Best Practices and Breakthrough Models
Edited by Sven H. De Cleyn and Gunter Festel
Chapter 1: I3P as university business incubator – a dual mission in technology transfer and start-up ecosystem development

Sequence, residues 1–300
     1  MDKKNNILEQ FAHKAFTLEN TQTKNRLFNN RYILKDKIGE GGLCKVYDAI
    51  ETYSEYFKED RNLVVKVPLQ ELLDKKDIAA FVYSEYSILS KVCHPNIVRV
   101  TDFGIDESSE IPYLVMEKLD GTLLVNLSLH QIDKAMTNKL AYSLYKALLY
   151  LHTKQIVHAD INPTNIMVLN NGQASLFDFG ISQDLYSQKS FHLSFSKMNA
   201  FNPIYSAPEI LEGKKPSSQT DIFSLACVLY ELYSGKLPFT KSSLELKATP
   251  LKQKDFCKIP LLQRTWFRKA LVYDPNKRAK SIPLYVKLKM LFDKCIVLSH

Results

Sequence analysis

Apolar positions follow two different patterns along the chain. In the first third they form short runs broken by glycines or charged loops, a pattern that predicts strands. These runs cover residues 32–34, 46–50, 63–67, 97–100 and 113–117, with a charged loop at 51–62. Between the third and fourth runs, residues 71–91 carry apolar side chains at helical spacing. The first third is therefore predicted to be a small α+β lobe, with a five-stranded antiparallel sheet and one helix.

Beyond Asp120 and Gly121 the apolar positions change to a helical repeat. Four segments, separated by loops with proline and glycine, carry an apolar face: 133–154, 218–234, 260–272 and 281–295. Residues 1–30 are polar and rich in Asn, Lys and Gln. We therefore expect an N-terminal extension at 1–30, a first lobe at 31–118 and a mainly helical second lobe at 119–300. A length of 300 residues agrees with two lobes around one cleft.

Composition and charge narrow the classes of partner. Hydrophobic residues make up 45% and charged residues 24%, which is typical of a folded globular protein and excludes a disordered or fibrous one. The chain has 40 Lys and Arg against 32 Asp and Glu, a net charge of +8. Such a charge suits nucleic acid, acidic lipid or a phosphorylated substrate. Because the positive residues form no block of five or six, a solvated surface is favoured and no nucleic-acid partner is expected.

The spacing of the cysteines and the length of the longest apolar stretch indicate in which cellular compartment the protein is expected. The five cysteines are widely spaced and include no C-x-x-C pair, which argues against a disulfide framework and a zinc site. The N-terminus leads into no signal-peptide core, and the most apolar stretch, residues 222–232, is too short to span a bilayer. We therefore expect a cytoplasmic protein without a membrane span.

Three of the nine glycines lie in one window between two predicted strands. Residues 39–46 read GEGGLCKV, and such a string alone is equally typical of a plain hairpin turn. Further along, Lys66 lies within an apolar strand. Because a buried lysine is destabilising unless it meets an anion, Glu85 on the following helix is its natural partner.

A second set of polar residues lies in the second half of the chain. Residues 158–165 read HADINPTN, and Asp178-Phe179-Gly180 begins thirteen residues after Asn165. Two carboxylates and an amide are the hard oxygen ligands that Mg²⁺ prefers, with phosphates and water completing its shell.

In the literature dealing with innovation systems, policies and instruments designed to stimulate entrepreneurship and foster new venture creation feature strongly (Hekkert et al., 2007). In reality, a key avenue for the innovation process seems to pass through the creation and growth of new, innovative firms. Start-ups can influence the innovation performance of a territory through their growth, as well as through the positive impact they can have on incumbent firms through trade in new goods and services, knowledge spillovers and competition (Erkko and Yli-Renko, 1998). The nurturing of start-ups is therefore generally considered a key element in regional innovation policy. Scholars, consultants and policymakers have long viewed the creation of an environment conducive to new and successful start-ups as the ‘holy grail’ of a regional innovation system, and it is very common for those engaged in this field to share the dream of creating ‘their own Silicon Valley’.